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Wounded Eagles

Wounded Eagles

While traveling to speak at a youth camp in Northern California, I saw a beautiful bald eagle perched on a fence post. As I approached he stretched his mighty wings and climbed straight upward for about 500 feet, caught an updraft and disappeared out of my sight. What a magnificent bird.

John Denver sang:

I am the eagle,

I live in high country,

In lofty cathedrals that reach to the sky.

The eagle is king of the skies! He dwells in high places! Jeremiah 49:16: “Though you make your nest as high as the eagle's…”And in Isaiah 40:31, “Those wait on the Lord shall renew their strength; they shall mount up with wings like eagles.”

Since God uses the eagle metaphorically, it is certainly permissible to use the eagle to depict some church leaders. We all know pastor's who can be described as large and powerful with keen vision. Unfortunately, we also know church leaders who are birds of prey, preying on the unfortunate, living in lofty cathedrals. Like the eagle who dips so close to the earth he gets blood on his feathers.

I know that God's leaders are not perfect, they all make mistakes. They get hungry for power, and allow the flesh to rule their lives. I've been in ministry for over fifty years, and I don't like to recall all the mistakes I've made. My earlier history as a pastor was pretty dismal. Although I had pastored several great churches, I could always detect problems that I was not mature enough to correct. We all know the old saying "When the going gets tough the tough get going." Not so in my early years. When the stress of being a senior pastor started, I looked for another church. Know what I learned? The problems followed me wherever I went. The problem was me! Thank God, I have never left a church because of sexual sin, or financial disgrace, but oh so many have. I've known far too many pastor's who have fallen into sin. It is a terrible thing for a church leader, a man of God to fall, and God forbid that it should ever happen to you or me. But we are all made of the same human stuff as the man in the pew! It seems to be a common belief that men and women who constantly deal with the holy are naturally super-holy themselves. Every believer must fight the same temptations, and church leaders even more, because the Devil is unleashing an attack on God's leaders today that is unprecedented in the history of the church.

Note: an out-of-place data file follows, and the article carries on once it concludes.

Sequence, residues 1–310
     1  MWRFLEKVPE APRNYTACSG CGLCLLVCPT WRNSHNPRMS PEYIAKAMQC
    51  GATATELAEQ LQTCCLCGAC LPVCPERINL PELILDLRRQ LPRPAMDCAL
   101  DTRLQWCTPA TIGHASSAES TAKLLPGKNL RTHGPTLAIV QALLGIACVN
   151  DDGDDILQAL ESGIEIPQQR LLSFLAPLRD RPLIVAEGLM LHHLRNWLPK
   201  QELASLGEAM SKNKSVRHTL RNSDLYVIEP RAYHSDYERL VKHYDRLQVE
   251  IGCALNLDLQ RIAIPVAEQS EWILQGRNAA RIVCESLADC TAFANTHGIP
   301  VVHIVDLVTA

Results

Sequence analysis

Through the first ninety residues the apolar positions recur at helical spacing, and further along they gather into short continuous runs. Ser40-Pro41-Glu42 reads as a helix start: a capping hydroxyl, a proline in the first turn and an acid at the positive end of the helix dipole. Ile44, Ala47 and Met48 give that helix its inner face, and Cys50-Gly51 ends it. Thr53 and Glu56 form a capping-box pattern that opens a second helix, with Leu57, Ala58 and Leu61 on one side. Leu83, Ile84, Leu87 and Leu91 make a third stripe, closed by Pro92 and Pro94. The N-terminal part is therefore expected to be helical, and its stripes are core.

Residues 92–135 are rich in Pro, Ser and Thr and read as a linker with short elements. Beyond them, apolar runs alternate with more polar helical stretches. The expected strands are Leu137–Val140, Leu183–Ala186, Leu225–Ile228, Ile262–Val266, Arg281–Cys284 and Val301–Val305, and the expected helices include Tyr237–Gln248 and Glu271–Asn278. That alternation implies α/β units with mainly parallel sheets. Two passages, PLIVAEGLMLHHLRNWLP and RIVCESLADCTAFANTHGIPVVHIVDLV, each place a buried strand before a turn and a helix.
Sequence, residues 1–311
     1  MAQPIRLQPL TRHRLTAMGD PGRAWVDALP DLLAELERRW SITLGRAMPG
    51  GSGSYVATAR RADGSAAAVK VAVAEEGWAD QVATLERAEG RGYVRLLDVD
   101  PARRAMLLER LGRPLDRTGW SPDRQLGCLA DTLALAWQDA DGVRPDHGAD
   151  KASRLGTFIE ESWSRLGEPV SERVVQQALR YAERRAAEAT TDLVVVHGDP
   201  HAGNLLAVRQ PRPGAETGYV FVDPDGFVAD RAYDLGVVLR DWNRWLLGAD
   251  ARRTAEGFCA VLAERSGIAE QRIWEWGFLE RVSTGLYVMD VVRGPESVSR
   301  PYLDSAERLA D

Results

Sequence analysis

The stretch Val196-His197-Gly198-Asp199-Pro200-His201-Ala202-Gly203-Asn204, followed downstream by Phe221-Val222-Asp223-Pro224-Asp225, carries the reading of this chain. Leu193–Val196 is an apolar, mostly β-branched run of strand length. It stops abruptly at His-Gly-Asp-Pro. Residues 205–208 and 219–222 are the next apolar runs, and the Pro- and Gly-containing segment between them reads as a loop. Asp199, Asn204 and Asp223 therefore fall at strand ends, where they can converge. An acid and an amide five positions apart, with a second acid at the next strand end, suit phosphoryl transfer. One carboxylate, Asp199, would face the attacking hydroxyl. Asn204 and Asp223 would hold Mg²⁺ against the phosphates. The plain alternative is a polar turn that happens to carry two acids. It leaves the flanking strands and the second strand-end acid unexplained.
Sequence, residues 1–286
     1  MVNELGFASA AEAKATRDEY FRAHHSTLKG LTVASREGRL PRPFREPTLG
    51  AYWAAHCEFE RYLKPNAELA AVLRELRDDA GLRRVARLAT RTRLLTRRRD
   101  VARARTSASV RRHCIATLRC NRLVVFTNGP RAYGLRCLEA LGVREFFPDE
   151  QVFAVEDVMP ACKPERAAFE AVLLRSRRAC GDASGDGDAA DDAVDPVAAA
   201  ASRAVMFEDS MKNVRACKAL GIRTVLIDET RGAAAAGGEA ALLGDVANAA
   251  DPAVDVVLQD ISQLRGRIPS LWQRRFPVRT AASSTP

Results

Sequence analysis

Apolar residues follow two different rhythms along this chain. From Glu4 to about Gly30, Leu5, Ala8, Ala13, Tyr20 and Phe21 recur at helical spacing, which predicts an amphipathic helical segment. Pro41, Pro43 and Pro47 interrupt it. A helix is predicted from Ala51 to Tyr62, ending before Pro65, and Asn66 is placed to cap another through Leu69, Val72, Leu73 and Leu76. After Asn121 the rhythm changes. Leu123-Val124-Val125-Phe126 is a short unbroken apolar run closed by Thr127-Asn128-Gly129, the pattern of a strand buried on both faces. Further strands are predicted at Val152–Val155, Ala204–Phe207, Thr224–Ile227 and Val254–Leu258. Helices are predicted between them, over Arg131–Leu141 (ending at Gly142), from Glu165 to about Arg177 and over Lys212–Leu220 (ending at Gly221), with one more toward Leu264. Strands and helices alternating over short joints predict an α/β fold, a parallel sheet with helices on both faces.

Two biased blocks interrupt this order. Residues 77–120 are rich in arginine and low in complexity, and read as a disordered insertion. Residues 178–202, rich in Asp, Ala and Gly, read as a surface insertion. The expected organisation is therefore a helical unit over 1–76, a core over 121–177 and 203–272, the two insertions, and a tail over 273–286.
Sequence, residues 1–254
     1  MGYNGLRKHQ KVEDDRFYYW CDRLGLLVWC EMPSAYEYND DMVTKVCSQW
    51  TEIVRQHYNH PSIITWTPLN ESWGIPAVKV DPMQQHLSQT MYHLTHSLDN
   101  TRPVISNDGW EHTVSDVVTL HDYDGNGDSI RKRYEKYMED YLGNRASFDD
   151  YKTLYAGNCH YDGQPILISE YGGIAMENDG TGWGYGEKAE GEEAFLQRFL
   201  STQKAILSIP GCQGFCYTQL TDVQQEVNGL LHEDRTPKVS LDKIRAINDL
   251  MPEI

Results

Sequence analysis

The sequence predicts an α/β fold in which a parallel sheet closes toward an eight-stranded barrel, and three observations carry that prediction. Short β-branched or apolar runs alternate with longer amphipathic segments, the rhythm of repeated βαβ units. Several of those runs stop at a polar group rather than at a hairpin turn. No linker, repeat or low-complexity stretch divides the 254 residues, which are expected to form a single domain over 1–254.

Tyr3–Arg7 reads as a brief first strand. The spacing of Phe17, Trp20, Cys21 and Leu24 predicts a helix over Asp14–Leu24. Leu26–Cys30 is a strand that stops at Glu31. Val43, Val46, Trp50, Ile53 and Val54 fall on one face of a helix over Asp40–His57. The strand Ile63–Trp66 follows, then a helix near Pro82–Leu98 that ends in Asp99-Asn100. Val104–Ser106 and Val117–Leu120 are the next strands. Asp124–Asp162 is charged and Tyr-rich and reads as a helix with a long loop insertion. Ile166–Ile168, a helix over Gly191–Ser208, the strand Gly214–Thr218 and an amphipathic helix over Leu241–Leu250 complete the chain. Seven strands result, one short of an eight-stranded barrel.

There are two principles to realize, first, the best of men are often weak, and unless the grace of God upholds them, they could fall at any time. Second, it is very humbling but true, put your trust in men and be doomed to disappointment.

M.R. DeHaan wrote this about pastors, from John 1:6 about John the Baptist, “There was a man sent from God, whose name was John. This man came for a witness of the Light…” The pastor is a man, he needs your prayers; he is sent from God, he deserves your respect; he is doing God's work, He needs your help.

“Pastors today are faced with more work, more problems, and more stress than any other time. This is taking a frightening toll on the ministry, as seen by these statistics:

•Fifteen hundred pastors leave the ministry each year due to moral failure, spiritual burnout or contention in their churches.